Embracing your own company is one of the greatest things you can do for your self-confidence. It takes a lot of courage and strength to do it, especially in a place like UCD that can be awfully alienating.

It’s 2019, it is about time we let go of that childish notion that being popular is the be all and end all of life.

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A gorgeous and powerfully vivid collection of essays written by Emilie Pine has won the An Post Book of the Year for 2018.

Notes to Self sees Pine writing on a variety of important moments in her life, including sexual assault, fertility problems, sexism in the academia sector, feminism, depression and addiction.

Published by Tramp Press, the book has been widely read around Ireland since it's publication, and has deeply resonated especially with women nationwide who relate to the stark and emotional work.

Emilie tweeted her joy at hearing the news, writing on Twitter: "Delighted and honoured to win Book of the Year 2018….Thank you to everyone who voted."

She also paid tribute to Tramp Press for commissioning the work, which tugged at the heartstrings of Irish women and men nationwide with it's brutal and visceral honesty.

The An Post Irish Book of the Year 2018 was handpicked by a public vote from a list of category winners which were recently announced at the An Post Irish Book Awards.

The esteemed prize boasts previous winners such as John Crowley's Atlas of the Irish Revolution, written with Donal Ó Drisceoil, Mike Murphy and Dr. John Borgonovo, Solar Bones by Mike McCormack, Academy Street by Mary Costello, The Spinning Heart by Donal Ryan, Belinda McKeon's Solace, Staring at Lakes by Michael Harding and Asking For It by Louise O'Neill.

Chairperson of the An Post Irish Book Awards Maria Dickenson said; “Emilie Pine’s Notes to Self was one of the great stories in Irish bookselling in 2018 and I’m delighted that the voting public has chosen it as the An Post Book of the Year."

"The power and honesty of Emilie’s essays have captivated readers, and it’s truly gratifying both to see her talent rewarded and to see an Irish publisher like Tramp Press receive this well-deserved recognition," she continued.

Readers of the book couldn't put the engrossing work down. David McRedmond, CEO of An Post, commented on Emilie's wonderful win,

“2018 was a huge year for Irish writing and no book illustrates better why An Post is delighted to sponsor the Irish Book Awards: Emilie Pine’s book, a challenging read, is deeply human and Irish, emotional and clever. An Post thanks all the voters for engaging with the Awards in such large numbers.”

The An Post Irish Book Awards celebrate and promote Irish writing to a wide range of readers, bringing together a massive community who are passionate about writing. Readers, authors, booksellers, publishers and librarians unite to recognise Irish talent.

Congratulations to Emilie on her deserved achievement, we can't wait to consume her next piece of beautiful and fearless writing.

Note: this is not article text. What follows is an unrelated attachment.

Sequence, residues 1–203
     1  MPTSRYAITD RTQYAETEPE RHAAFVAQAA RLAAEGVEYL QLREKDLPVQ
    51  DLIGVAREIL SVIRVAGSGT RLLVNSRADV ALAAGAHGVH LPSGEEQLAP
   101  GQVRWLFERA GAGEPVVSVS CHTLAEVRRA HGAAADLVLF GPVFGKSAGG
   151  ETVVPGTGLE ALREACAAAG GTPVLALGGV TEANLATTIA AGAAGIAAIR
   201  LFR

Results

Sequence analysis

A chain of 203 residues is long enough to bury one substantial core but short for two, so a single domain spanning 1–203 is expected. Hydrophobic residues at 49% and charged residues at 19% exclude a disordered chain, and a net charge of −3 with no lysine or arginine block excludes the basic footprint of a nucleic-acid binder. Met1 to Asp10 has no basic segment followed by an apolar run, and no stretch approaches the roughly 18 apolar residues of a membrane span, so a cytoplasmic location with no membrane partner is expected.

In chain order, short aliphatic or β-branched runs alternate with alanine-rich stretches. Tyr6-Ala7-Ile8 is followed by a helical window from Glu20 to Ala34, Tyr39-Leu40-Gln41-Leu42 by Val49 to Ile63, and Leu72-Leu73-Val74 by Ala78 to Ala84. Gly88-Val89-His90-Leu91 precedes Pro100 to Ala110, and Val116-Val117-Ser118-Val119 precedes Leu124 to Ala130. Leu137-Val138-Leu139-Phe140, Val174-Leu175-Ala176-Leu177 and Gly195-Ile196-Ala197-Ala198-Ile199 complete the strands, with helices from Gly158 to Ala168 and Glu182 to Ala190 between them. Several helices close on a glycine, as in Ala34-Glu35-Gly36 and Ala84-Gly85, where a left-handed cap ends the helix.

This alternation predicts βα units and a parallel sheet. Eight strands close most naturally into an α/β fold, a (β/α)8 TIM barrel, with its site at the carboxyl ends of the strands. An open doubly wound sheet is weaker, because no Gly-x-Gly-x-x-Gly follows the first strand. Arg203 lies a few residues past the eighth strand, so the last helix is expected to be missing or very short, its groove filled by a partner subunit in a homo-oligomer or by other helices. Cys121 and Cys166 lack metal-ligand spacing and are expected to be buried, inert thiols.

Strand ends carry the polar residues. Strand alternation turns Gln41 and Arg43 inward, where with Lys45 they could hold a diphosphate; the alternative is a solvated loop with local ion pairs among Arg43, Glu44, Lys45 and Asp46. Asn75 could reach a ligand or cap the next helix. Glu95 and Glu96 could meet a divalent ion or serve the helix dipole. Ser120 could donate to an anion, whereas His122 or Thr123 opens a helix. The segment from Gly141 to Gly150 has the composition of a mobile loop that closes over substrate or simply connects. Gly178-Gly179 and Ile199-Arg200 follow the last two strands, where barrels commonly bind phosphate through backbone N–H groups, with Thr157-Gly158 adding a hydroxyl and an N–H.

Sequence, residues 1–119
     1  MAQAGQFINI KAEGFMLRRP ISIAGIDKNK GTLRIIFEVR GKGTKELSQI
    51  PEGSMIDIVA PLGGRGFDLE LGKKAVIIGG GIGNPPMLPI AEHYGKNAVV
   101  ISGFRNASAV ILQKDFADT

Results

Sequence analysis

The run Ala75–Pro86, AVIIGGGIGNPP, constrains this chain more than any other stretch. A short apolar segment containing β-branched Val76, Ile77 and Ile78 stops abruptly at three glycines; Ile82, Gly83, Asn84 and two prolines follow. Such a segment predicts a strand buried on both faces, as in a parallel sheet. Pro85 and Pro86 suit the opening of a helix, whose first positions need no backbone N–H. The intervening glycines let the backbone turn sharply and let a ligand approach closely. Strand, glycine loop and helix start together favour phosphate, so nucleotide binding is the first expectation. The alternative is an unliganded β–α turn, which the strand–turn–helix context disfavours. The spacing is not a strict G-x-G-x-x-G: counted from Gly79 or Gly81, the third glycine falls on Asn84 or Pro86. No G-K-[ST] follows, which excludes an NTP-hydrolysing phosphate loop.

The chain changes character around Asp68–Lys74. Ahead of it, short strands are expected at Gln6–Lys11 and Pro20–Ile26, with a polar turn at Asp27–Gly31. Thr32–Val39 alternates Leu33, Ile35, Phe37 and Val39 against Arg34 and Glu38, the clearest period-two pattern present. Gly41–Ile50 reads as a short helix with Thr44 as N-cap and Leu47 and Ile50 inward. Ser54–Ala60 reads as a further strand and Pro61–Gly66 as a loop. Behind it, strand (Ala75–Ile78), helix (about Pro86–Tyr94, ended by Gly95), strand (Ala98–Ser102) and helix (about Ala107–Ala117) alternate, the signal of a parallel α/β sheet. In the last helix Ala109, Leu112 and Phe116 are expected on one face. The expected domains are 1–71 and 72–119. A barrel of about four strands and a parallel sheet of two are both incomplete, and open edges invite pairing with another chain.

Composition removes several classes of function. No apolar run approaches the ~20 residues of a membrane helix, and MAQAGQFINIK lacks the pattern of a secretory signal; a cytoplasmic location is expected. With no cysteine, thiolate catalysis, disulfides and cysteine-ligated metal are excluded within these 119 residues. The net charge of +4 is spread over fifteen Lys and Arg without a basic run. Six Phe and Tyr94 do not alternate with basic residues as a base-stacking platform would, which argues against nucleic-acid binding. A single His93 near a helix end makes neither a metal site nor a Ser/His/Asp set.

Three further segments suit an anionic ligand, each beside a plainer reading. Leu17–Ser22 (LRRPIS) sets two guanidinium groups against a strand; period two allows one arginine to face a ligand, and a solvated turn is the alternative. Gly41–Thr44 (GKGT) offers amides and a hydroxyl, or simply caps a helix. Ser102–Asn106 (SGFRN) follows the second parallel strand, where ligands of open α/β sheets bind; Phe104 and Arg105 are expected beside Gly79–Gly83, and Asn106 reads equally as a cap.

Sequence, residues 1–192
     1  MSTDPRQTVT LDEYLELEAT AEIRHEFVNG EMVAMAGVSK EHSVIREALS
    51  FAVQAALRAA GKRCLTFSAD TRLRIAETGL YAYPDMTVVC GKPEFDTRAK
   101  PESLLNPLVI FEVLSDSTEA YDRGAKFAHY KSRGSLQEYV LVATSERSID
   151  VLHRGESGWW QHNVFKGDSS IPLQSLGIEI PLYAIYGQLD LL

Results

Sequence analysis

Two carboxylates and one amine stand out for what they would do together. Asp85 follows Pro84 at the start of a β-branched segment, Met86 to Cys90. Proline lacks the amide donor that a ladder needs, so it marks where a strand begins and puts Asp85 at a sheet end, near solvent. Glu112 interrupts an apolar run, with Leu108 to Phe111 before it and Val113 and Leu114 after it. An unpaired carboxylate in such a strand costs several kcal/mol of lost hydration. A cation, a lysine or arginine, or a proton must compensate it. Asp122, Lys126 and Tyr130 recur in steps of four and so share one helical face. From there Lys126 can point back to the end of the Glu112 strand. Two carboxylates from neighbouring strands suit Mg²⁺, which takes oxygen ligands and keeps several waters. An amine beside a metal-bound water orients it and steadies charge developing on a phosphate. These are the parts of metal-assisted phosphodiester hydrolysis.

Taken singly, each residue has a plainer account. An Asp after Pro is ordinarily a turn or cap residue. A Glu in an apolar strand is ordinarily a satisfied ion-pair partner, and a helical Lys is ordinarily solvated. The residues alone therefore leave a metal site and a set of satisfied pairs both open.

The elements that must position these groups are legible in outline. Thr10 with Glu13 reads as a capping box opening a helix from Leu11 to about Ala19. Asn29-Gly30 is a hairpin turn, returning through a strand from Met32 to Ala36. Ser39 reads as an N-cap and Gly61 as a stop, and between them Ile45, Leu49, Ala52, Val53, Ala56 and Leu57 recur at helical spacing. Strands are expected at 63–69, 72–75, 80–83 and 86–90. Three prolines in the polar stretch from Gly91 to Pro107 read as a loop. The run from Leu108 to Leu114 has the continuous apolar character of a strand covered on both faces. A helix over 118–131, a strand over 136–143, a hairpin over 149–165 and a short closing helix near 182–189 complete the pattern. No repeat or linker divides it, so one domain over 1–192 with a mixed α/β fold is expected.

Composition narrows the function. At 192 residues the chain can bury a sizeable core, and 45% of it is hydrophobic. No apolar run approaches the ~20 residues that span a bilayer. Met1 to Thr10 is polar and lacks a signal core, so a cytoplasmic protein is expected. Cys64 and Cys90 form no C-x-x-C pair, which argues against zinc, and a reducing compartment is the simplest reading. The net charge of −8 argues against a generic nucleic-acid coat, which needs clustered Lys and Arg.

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Iconic whiskey distillers Jameson are making a final call for college graduates to apply for its renowned 2019/20 international graduate programme.

The programme is known globally for offering world-class experience and two international placements, but they've claimed that the latest candidates need one thing; 'Serious character'. 

The grad programme has been running for an outstanding 27 years, and gives graduates the chance to fulfil their personal and professional potential while working with an Irish brand with worldwide influence.

The successful candidate will be working on the international stage, and are supported by a competitive benefits package, multi-award winning training and development programme and a global support network.

The leader of Jameson's programme, Sinéad D'Arcy, commented that;

“The Jameson International Graduate Programme is a truly unique programme offering graduates three-years’ experience in a marketing role, in one of over 50 countries across the world."

"Every year we look for driven, charismatic and creative graduates, from a range of diverse backgrounds, to serve as brand ambassadors in cities across the world," she added. 

 
 
 
 
 
 
 
 
 
 
 
 
 
 
 

A post shared by Jameson Graduate Programme (@jamesongradprog) on

Over 400 countries to date have completed the infamous graduate programme alongside Jameson since it began in 1991.

Alumni of the Irish distiller's programme have progressed to high quality roles internally and externally in over 33 cities, and Jameson maintains its role as the fifth most popular graduate employer in Ireland according to gradireland

If you want to kick-start your career, why not start now? Applications for the 2019/20 Jameson International Graduate Programme close on Wednesday 16 January 2019 at 1pm, so get on it.

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Following a 90 minute deliberation, a jury in Dublin Circuit Criminal Court found a former UCD student guilty of sexual assault.

The 36-year-old man denied the assault against the Brazilian native, who made contact with people via Tinder in an effort to improve her language skills.

According to The Independent, he court heard that the woman met the defendant in the city centre in July 2014, who then drove her to a secluded area of the UCD campus.

The victim, who had been in contact with the defendant since June 29, grew worried upon arriving in the isolated area as she was under the impression they were going for a coffee.

The woman claimed that after rejecting a kiss from the defendant, he grew aggressive, punched her and exposed her breast.

“He was looking like a monster. His face wasn’t the same face that smiled to me when I got into his car," she said. "He was calling me bad names and trying to touch me. I tried to take his hands away, and I couldn’t."